Bevel-Drive with an NCR-Prepped Engine: 1978 Ducati 900SS for Sale

1978 Ducati 900SS R Front

Looking like it’s sitting in God’s living room, this very nice bevel-drive Ducati 900SS apparently has an NCR-prepped engine, although the seller doesn’t detail exactly what that entails. Which would help, as that could mean just about anything, from a simple rebuild or blueprint, up to and including a barely-streetable race engine.

1978 Ducati 900SS R Engine

Introduced in 1975 and powered by an 864cc version of Ducati’s iconic bevel-drive engine, the bike was really their first attempt at a global-market bike: along with a quieter set of stock mufflers, the shift mechanism was significantly redesigned to make relocation to the left side of the bike less of a cobbled-together affair and improve the action for riders in the US market. By now, many 900SS bikes have had the stock pipes swapped out for a set of appropriately-loud Contis, as seen here.

1978 Ducati 900SS R Rear

Obviously a bit less desirable than the original “round-case” bevels that were introduced in 1974, the “square case” 900SS shared much of its DNA with the far more practical Darmah. But the sex appeal of that half-fairing and clip-on bars, along with the undeniable links to racing mean that these will always be the most desirable Ducatis of the period, barring actual race bikes.

1978 Ducati 900SS L Engine

From the original eBay listing: 1978 Ducati 900SS for Sale

Original Ducati 900SS engine prepared by NCR with NCR specification, two owners up to now, all history known. Excellent condition, runs perfectly.
NOS Tank

  • Original Veglia Borletti racing rev counter
  • 40mm Dell’Orto carbs
  • Original Conti exhaust (not rechromed)
  • Marzocchi shock absorbers
  • CEV 177 headlight
  • Greek documentSeller great Ducati collector

1978 Ducati 900SS Tach

They say that “presentation is everything.” And it never ceases to amaze me to see auctions for high-end motorcycles where the seller hasn’t even bothered to haul their $30,000 motorcycles out of the back of the shed into the light to take a few quality pictures. So it’s always nice when someone makes the effort to really show off their pride and joy, especially when it’s a beautiful, black-and-gold Ducati 900SS. This one obviously needs a quick trip down a windy back road to clean off those rusty brake discs, and it’s not in perfect cosmetic condition, with some minor surface corrosion and pitting and general wear. But it looks well cared-for and the listing suggests that it’s ready to run, a very important consideration when you look at what a mechanical restoration would cost for a bike that’s been sitting.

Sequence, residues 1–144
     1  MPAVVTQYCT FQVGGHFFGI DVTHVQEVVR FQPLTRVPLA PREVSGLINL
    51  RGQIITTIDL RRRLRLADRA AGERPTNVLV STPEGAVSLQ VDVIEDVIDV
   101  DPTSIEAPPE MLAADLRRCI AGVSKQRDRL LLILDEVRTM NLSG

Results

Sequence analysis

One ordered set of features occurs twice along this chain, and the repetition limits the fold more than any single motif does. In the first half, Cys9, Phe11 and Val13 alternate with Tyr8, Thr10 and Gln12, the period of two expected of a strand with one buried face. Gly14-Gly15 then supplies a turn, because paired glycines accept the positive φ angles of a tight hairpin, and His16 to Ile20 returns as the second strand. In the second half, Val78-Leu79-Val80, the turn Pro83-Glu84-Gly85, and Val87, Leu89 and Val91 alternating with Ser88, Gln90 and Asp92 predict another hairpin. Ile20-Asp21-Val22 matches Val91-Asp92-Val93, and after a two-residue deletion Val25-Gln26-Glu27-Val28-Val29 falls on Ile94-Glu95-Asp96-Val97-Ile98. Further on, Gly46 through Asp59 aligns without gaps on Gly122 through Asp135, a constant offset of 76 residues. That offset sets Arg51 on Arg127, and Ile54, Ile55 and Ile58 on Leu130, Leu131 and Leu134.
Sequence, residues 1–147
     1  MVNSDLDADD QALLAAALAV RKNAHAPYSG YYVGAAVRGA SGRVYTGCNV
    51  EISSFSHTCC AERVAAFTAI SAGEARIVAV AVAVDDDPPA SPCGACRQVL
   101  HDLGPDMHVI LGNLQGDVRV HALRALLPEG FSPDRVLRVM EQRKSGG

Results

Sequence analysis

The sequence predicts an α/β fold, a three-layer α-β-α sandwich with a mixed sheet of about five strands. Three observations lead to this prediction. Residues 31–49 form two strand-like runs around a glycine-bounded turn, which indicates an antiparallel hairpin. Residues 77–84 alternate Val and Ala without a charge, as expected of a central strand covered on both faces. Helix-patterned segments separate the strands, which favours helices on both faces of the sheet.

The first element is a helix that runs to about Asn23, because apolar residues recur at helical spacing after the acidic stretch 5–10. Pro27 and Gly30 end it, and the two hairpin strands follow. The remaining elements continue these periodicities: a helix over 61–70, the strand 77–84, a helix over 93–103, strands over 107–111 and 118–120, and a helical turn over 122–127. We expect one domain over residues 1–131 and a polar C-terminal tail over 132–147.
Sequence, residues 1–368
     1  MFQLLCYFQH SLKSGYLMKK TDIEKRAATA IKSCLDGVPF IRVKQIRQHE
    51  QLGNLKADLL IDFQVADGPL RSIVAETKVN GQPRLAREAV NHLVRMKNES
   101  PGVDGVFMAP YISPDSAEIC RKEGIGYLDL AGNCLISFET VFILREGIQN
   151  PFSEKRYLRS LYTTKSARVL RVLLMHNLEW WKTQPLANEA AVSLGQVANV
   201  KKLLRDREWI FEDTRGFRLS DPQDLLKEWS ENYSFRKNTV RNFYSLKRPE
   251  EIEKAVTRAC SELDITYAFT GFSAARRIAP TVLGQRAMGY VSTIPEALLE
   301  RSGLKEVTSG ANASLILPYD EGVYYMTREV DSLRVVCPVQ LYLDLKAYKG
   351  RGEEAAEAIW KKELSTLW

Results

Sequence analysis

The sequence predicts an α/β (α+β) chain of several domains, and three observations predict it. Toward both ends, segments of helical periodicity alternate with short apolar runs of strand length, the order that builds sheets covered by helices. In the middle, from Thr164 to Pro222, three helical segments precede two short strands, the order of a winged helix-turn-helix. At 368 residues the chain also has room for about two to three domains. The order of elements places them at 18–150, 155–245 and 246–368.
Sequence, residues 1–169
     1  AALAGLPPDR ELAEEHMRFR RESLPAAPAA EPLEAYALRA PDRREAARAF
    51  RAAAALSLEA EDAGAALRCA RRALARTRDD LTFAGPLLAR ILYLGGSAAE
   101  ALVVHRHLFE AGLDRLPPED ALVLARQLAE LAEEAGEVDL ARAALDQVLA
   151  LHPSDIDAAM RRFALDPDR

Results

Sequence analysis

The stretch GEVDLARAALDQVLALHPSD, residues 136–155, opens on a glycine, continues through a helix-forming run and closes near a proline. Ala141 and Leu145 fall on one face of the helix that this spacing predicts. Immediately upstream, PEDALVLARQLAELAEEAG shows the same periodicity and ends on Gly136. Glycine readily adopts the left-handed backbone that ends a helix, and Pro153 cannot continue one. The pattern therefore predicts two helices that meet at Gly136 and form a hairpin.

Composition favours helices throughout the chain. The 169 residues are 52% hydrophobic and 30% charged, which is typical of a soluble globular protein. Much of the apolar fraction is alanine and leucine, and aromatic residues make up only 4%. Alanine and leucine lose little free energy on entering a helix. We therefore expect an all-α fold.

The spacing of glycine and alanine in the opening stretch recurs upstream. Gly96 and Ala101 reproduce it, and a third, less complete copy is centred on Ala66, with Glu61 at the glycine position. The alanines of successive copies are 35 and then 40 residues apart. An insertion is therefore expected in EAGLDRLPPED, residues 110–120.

Also: genuine Veglia white-faced racing tachometer!


1978 Ducati 900SS L Front

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2 Responses

  1. Aaron says:

    I love the memory lane aspect of your blog. So many of these bikes bring back great, and sometimes not so great memories. I bought one of these in 1986. It was sex on wheels. A previous owner had painted it a blood red–body and frame. It was insanely, deafeningly loud. When the bike was idling on the center stand, you could literally feel the pavement shaking under your feet. People love to talk about bikes that “handle like they are on rails” but nothing I have ever ridden really matched that descriptions like the Duc. It was so long and stable that it inspired huge confidence. The negatives? Oh boy. First, it was kick only. On a high-comp 900cc twin, that’s an issue. Next, it was stiff and weird stuff would break all the time. The main fairing mount, especially. And look at that big taillight mounted on that skinny glass rear fender. Yeah, the fender cracked.

    But on the open road, this thing was fantastic. It loved sweepers, and I would ride it up to Summit Point Raceway with my hooligan pals and it was a ton of fun. Reno Leoni was there one weekend and he signed the side of the tank. Super cool! The taillight never really wanted to work and I was constantly being pulled over. A friend got the then brand new GSX-R 750 and offered me a straight swap for the 900. I was still in love with it and was never going to trade for a Suzuki!

    Ultimately I couldn’t deal with the bike breaking itself all the time. I swapped it for a wonderful LeMans I that is still in the family. Regrets? Yeah, but what are you gonna do? Lesson: Starving college students shouldn’t buy exotic Italian superbikes for daily transportation…

  2. sr88 says:

    A friend of mine has an early MHR and I have ridden it several times. I agree with the “sex on wheels” analogy! And yes, those barely silenced Conti mufflers do indeed provide a noticeable rumble!